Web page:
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Real estate agents sell homes -- but the agent you choose should offer you a comprehensive lineup of services and assistance. If your agent is just a "set it and forget it" seller, you're missing out on the level of service you deserve. Ask any prospective agent about what they have to offer, and compare it to the list below to ensure you are in good hands. 

Present the Home Accurately & Well

From the language used to describe your home in listings to the photographs and level of detail attached to the listing, your agent needs to be able to create a compelling listing package that appeals to the right buyers. Simply grabbing a few pictures and picking a price is not enough; they should be able to fully relay how amazing your property is. If they do not have the right approach to listing and presentation, all the marketing in the world won't help. Your agent should also properly qualify buyers -- so you don't end up with a steady stream of visitors, but no actual offers. 

Have a Robust Marketing Plan

Marketing means more than just listing the home and putting up a sign; your home should actively appear in listings online and in print. You should see your home on the agent's website and in their social media feeds. Open houses, agent viewings and other events should be part of the plan. If your prospective agent can't tell you how they'll market your home, they may not have a plan at all. 

Deliver Bad News

If you're a buyer, your buyer's agent should let the sellers know what issues are preventing you from making an offer, or why you've chosen the figure you have. If you're selling, your agent needs to be able to let you know the things you should change before you list -- or fill you in on agent and buyer reactions to your home. If they can't communicate these details, then you might miss out.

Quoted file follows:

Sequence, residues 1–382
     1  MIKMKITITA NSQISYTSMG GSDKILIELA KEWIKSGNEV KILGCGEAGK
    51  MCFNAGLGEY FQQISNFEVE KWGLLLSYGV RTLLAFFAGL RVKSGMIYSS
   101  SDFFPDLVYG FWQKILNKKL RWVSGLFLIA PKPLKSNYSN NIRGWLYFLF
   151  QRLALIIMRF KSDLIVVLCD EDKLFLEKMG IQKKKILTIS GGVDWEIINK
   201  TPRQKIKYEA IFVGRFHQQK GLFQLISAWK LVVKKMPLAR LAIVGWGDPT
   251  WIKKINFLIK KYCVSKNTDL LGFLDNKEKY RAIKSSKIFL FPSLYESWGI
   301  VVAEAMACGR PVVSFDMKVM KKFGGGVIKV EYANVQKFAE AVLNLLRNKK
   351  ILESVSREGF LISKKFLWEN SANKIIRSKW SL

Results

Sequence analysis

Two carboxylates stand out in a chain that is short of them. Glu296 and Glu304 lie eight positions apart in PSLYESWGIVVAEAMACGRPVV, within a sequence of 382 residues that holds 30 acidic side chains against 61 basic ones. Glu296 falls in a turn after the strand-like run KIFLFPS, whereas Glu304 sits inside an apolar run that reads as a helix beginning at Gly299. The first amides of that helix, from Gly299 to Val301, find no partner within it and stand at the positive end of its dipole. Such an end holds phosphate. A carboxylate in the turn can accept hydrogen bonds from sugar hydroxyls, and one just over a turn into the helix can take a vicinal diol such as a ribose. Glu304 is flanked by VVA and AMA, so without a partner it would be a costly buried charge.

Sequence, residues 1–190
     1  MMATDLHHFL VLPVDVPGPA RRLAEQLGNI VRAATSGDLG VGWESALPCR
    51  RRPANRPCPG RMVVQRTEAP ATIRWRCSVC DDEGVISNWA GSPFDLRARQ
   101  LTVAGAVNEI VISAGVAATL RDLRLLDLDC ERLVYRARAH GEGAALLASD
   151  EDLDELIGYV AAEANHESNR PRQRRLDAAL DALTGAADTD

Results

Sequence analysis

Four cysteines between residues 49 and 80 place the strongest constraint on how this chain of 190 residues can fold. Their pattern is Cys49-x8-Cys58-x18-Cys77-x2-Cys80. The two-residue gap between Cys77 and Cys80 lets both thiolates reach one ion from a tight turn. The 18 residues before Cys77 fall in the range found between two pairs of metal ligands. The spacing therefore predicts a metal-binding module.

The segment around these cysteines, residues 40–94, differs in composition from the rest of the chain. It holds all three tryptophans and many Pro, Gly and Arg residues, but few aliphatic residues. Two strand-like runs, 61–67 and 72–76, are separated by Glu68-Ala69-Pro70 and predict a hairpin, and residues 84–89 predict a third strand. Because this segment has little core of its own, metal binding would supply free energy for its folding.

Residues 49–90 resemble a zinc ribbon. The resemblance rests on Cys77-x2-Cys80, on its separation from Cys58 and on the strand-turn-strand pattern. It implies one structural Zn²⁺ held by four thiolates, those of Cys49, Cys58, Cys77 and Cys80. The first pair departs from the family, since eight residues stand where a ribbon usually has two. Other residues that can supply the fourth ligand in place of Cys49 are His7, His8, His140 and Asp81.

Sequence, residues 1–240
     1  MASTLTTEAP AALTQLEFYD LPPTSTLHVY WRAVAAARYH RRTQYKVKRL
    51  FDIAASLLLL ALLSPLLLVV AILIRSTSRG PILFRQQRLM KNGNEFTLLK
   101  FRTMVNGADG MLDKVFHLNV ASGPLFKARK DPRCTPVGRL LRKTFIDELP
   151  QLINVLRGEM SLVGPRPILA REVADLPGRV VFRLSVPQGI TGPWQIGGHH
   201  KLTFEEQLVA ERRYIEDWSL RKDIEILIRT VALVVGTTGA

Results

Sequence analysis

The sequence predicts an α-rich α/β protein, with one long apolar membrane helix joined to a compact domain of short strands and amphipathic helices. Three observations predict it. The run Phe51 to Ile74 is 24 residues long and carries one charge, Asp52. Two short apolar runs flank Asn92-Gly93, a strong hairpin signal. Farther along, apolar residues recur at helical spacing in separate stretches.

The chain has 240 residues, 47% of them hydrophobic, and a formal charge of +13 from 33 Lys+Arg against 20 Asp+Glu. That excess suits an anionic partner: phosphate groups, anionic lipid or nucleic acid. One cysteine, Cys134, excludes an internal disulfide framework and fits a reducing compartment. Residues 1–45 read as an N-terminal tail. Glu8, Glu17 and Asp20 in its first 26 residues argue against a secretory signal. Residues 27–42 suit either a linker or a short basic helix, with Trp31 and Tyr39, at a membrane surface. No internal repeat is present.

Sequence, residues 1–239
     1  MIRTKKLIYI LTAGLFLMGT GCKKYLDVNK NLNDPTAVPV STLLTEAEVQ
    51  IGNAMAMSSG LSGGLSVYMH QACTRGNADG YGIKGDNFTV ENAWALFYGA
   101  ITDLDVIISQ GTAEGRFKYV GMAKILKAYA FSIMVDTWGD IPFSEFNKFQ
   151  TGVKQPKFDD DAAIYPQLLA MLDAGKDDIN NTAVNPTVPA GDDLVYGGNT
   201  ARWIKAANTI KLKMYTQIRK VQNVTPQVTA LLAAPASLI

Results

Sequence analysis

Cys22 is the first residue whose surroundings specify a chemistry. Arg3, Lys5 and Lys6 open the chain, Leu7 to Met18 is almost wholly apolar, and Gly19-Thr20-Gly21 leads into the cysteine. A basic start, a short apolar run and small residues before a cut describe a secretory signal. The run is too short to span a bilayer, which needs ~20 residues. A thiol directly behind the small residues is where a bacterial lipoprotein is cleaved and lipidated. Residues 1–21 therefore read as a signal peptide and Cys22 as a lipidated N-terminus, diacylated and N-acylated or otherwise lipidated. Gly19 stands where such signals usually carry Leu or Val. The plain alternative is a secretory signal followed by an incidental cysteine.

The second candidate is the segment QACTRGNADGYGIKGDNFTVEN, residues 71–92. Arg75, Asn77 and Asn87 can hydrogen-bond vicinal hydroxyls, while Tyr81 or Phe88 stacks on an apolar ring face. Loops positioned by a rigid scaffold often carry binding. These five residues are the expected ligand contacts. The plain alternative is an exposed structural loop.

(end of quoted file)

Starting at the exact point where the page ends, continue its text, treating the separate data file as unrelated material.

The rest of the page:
Negotiate on Your Behalf

Your agent needs to be able to negotiate with other professional agents to arrive at a fair price for your home, whether you are the buyer or the seller. Unless your agent is a skilled negotiator, you could come out with less money for your home -- or overpay for a new property. Two skilled agents working together can come up with a solution that works for everyone and ensure you have a seamless transaction. 

Listen to Your Concerns

Your agent should fully understand the factors that matter to you most, whether you are buying or selling. From the bottom line amount you have to get from your home to the safeguarding of your pets when the home is shown your agent should listen to you and answer your questions fully. If you don't feel like you are being heard or the agent isn't responding to your needs, you likely need a better match. 

Understanding the roles your agent can play and what they should offer you can help you evaluate a REALTOR® and ensure you find your perfect match. You'll be working together for a while, so taking the time to find an agent who cares and delivers will have a huge impact on your home selling or buying experience.